The Invasive are coming: Be Prepared

Frank Williams
Adams County Master Gardener

Invasive species (plants, insects, and animals) have been a part of the American landscape for decades. But their spread in recent years has been truly monumental including virtually all sections of the country. This article stems from a contact I had with a friend in Adams County at whose home I observed massive amounts of English ivy invading his wonderfully wooded property and climbing even large trees in the area. Today we will deal only with those invasives which take over landscapes.

What is an Invasive Plant?

Basically, an invasive plant is one which can thrive and spread aggressively, often outside its natural range and under a wide variety of environmental conditions. Those that colonize in a new area have an ecological advantage since the insects, diseases and foraging animals which control them in their natural range may not be present to the same degree in a new environment.

Some Typical Examples

Japanese knotweed
Polygonum cuspidatum

Purple Loosestrife
Lythrum salicaria

The English ivy mentioned above is but one of a number of invasive plant varieties which frequent our area. Some other prime examples include exotic honeysuckle, crown vetch, Japanese knotweed, mile-a-minute, and purple loosestrife. All share the ability to establish themselves easily, spread quickly, and strangle other desirable native indigenous plants over time.

Consider the Damage

As mentioned above, invasive plants can disrupt, or even destroy, natural habitats. Sensitive ecosystems such as sand dunes and wetlands are especially vulnerable. In areas such as national parks, even visitor foot traffic can create a void and become quickly invaded. Purple loosestrife, for example, can be observed where folks have created footsteps in the damp ground. Native plants and trees destroyed by the invasives may take hold again as an invasive groundcover prevents new germination. In Montgomery, Maryland, a group of volunteers called Weed Warriors have been enlisted to do battle in an effort to identify and remove or destroy invasive plants. Now here is a "war" we can all support!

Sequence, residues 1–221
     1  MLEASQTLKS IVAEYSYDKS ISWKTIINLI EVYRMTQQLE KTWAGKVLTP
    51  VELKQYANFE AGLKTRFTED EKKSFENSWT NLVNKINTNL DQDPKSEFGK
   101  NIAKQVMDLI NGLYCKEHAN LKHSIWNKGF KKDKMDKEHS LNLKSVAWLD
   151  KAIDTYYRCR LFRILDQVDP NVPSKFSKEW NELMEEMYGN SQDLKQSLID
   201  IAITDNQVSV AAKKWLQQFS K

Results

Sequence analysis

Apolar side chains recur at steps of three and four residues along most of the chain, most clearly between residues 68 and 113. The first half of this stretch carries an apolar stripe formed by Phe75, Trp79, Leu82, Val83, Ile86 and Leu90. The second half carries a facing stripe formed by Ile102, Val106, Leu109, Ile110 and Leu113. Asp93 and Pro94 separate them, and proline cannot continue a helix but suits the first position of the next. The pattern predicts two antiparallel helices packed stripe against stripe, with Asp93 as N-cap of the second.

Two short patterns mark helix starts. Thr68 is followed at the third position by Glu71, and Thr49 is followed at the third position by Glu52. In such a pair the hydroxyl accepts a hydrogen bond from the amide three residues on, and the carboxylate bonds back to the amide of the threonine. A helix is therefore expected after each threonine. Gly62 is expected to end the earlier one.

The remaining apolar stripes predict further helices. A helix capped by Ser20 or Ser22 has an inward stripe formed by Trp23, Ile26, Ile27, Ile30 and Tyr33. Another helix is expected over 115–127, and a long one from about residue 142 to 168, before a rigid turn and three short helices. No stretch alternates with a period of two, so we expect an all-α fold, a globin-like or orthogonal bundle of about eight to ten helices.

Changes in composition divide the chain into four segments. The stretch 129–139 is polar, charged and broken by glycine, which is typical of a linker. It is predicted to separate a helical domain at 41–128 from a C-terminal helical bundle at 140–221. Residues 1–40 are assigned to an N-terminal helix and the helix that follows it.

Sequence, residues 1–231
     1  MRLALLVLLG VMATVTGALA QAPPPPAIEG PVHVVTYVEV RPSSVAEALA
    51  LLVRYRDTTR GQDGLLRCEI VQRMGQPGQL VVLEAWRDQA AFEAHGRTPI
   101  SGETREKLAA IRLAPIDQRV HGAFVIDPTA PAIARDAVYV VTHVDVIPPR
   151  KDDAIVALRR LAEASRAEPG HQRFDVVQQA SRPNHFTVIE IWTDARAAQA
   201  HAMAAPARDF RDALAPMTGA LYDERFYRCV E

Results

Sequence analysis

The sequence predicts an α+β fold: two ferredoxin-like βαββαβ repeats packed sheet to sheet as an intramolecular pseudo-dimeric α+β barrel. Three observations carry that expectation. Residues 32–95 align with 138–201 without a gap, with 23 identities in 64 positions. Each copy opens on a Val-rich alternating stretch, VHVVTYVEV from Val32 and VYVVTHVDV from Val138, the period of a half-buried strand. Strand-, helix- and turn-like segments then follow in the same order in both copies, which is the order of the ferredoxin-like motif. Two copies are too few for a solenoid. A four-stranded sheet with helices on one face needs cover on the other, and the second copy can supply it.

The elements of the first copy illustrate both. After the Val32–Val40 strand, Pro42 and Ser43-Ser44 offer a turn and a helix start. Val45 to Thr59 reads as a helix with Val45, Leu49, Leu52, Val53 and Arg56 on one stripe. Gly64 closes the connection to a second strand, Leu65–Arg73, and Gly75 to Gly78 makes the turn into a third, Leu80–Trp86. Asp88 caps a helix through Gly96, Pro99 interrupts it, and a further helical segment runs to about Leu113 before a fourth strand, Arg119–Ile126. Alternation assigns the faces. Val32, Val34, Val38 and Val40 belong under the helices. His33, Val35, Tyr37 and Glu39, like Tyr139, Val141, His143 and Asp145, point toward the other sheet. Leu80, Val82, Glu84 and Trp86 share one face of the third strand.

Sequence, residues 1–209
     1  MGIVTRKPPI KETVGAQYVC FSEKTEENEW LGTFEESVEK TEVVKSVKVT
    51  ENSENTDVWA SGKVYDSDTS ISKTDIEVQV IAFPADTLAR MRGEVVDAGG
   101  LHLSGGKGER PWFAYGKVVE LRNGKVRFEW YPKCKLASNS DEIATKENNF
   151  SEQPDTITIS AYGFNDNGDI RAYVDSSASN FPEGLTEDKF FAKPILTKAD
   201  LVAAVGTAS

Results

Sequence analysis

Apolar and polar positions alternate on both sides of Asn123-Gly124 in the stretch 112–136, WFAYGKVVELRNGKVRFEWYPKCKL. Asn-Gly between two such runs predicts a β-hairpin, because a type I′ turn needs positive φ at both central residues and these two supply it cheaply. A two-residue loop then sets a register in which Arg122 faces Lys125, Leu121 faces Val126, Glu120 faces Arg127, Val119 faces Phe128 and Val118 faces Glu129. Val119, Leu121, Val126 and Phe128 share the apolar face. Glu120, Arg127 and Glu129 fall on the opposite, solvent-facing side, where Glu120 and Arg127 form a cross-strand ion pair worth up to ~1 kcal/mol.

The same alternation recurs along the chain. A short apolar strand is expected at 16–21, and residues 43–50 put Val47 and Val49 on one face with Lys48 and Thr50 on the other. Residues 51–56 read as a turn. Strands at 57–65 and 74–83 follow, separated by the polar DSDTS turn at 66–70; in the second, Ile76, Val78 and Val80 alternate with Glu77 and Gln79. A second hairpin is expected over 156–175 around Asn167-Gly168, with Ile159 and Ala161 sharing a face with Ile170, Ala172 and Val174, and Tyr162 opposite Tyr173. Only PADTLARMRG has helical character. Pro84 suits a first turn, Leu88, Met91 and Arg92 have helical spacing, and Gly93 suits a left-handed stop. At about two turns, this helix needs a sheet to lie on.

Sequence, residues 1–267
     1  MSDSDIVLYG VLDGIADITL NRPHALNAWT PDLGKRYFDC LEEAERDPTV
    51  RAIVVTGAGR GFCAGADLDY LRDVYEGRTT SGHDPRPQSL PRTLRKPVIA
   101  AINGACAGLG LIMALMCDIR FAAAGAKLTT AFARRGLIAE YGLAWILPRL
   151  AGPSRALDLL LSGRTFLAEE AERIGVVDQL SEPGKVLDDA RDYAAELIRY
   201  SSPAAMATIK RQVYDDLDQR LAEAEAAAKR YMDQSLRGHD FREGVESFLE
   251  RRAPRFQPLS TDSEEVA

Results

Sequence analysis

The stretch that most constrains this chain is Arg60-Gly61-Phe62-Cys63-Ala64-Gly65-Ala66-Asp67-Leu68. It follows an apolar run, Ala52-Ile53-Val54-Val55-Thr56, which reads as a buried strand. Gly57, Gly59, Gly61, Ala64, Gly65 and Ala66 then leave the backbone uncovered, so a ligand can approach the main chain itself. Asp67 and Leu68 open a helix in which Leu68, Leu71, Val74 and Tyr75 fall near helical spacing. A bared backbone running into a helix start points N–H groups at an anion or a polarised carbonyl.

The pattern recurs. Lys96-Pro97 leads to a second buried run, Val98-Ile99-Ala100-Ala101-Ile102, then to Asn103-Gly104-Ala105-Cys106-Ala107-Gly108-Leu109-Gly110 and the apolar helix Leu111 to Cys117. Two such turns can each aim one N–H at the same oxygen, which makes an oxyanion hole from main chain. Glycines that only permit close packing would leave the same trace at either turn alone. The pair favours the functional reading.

In your own yard, think of the damage that English ivy and other vines can do, not only your plants, but also to masonry, gutters and any place where roots can grow and take hold.

What Can You Do?

In an article published in the Old House Journal, Kathleen Fisher writes about "whacking wicked weeds." In essence, she advises that homeowners get rid of them by cleaning the yard totally of invasives, cutting them back and removing remaining debris off the home’s facing and around desirable plants.

From the United States National Arboretum, I found some other suggestions in the August, 2004 release as follows:

  • Check with your local resources (Pennsylvania State Extension Service, Master Gardeners) With respect to which plants are invasives, learn how to identify them;
  • When making landscaping plants, use only non-invasive plants in the development of that plan;
  • Be especially careful when landscaping your property if it borders on open, local, state, or national park areas;
  • Use herbicides carefully as a last resort to remove invasive plants in a way that does not do damage to native plants or other desirable plants in your landscape;
  • Make others in your neighborhood aware of invasive plants and how to identify, remove, or control them.


If you have some invasives in your yard (as I do with English ivy), take measures to remove or manage them carefully. Our ivy, for example, grows over a patio fence with a pleasing, cascading effect. But regular manicuring and serious cutting away the overgrowth was absolutely essential during this wet spring and summer. You can help your yard and environment by becoming aware of the problem and assisting others to deal with it. Be pro-active in this crusade. The invasives are indeed here and becoming more aggressive each year.

Read other articles on ecological gardening & native plants

Read other gardening articles by Frank Williams